• English Language and Mathematics GCSEs at grade C/grade 4 or above (or equivalent)

If you don't have traditional qualifications or can't meet the entry requirements for this undergraduate degree, you may still be able to gain entry by completing our Tourism and Travel Management (including foundation year) BA (Hons).

To study a degree at London Met, you must be able to demonstrate proficiency in the English language. If you require a Tier 4 student visa you may need to provide the results of a Secure English Language Test (SELT) such as Academic IELTS. For more information about English qualifications please see our English language requirements.

If you need (or wish) to improve your English before starting your degree, the University offers a Pre-sessional Academic English course to help you build your confidence and reach the level of English you require.

Official use and codes

Approved to run from 2013/14 Specification version 1 Specification status Validated
Original validation date 01 Sep 2013 Last validation date 01 Sep 2013  
Sources of funding HE FUNDING COUNCIL FOR ENGLAND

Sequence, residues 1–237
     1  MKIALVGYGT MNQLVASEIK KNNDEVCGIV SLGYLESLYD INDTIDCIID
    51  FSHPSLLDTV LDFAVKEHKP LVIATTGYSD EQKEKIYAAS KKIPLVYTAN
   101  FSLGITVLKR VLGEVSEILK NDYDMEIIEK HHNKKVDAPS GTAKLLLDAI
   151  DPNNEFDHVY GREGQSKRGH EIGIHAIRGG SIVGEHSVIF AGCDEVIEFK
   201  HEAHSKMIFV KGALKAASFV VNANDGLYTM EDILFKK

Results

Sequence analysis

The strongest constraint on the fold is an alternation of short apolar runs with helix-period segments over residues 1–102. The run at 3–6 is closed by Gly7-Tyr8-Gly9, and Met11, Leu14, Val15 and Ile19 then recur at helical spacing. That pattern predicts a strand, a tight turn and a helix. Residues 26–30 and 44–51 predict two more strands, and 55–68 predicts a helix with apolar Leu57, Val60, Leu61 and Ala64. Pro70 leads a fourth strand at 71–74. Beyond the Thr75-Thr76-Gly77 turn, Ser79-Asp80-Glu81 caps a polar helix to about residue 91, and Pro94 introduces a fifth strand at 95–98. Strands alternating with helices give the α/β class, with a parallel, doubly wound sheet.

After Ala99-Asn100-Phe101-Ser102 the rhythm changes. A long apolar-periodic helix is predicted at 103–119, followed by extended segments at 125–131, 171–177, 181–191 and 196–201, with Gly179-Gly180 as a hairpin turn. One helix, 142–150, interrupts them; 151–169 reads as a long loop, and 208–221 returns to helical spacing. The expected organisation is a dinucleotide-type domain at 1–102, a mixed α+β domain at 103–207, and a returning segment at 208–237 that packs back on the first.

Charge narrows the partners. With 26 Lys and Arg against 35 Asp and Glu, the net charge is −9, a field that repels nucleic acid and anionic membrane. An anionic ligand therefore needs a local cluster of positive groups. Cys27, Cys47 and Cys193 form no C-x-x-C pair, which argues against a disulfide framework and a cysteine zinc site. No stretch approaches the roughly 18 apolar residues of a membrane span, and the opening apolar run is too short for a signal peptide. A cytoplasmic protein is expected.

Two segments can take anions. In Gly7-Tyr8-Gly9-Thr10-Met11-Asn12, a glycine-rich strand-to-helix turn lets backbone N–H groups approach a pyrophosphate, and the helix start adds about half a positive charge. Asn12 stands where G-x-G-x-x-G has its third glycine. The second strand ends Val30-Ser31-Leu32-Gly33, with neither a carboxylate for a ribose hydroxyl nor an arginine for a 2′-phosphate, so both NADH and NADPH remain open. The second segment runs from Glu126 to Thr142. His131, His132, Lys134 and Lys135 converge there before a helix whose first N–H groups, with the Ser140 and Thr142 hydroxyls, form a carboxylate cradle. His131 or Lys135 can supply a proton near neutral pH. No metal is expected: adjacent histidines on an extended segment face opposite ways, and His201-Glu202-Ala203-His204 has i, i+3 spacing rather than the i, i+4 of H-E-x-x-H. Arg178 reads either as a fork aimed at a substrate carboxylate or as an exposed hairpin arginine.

JACS codes 100875 (tourism): 100%
Route code TTRMAN

Course Structure

Stage 1 Level 04 September start Offered

Code Module title Info Type Credits Location Period Day Time
FE4355 Understanding the Business and Economic Environ... Core 15 NORTH SPR MON AM
HR4052 Managing People in Organisations Core 15 NORTH SPR THU AM
          NORTH SPR WED PM
          NORTH SPR WED AM
          NORTH SPR TUE PM
          NORTH SPR TUE AM
          NORTH SPR MON PM
          NORTH SPR THU PM
LT4056 London's Visitor Economy Core 15 NORTH AUT WED AM
LT4057 Event Planning and Management Core 15 NORTH AUT WED PM
MC4061 Principles of Marketing Core 15 NORTH SPR THU PM
          NORTH SPR MON PM
          NORTH SPR THU AM
MC4062 Media Culture and Society Core 15 NORTH AUT MON AM
MN4063 Understanding and Managing Data Core 15 NORTH AUT WED AM
          NORTH AUT WED PM
          NORTH AUT TUE AM
          NORTH AUT TUE PM
MN4W52 Learning Through Organisations (Professional Pr... Core 15 NORTH SPR TUE AM

Stage 1 Level 04 January start Offered

Code Module title Info Type Credits Location Period Day Time
FE4355 Understanding the Business and Economic Environ... Core 15 NORTH SPR MON AM
HR4052 Managing People in Organisations Core 15 NORTH SPR THU AM
          NORTH SPR WED PM
          NORTH SPR WED AM
          NORTH SPR TUE PM
          NORTH SPR TUE AM
          NORTH SPR MON PM
          NORTH SPR THU PM
LT4056 London's Visitor Economy Core 15        
LT4057 Event Planning and Management Core 15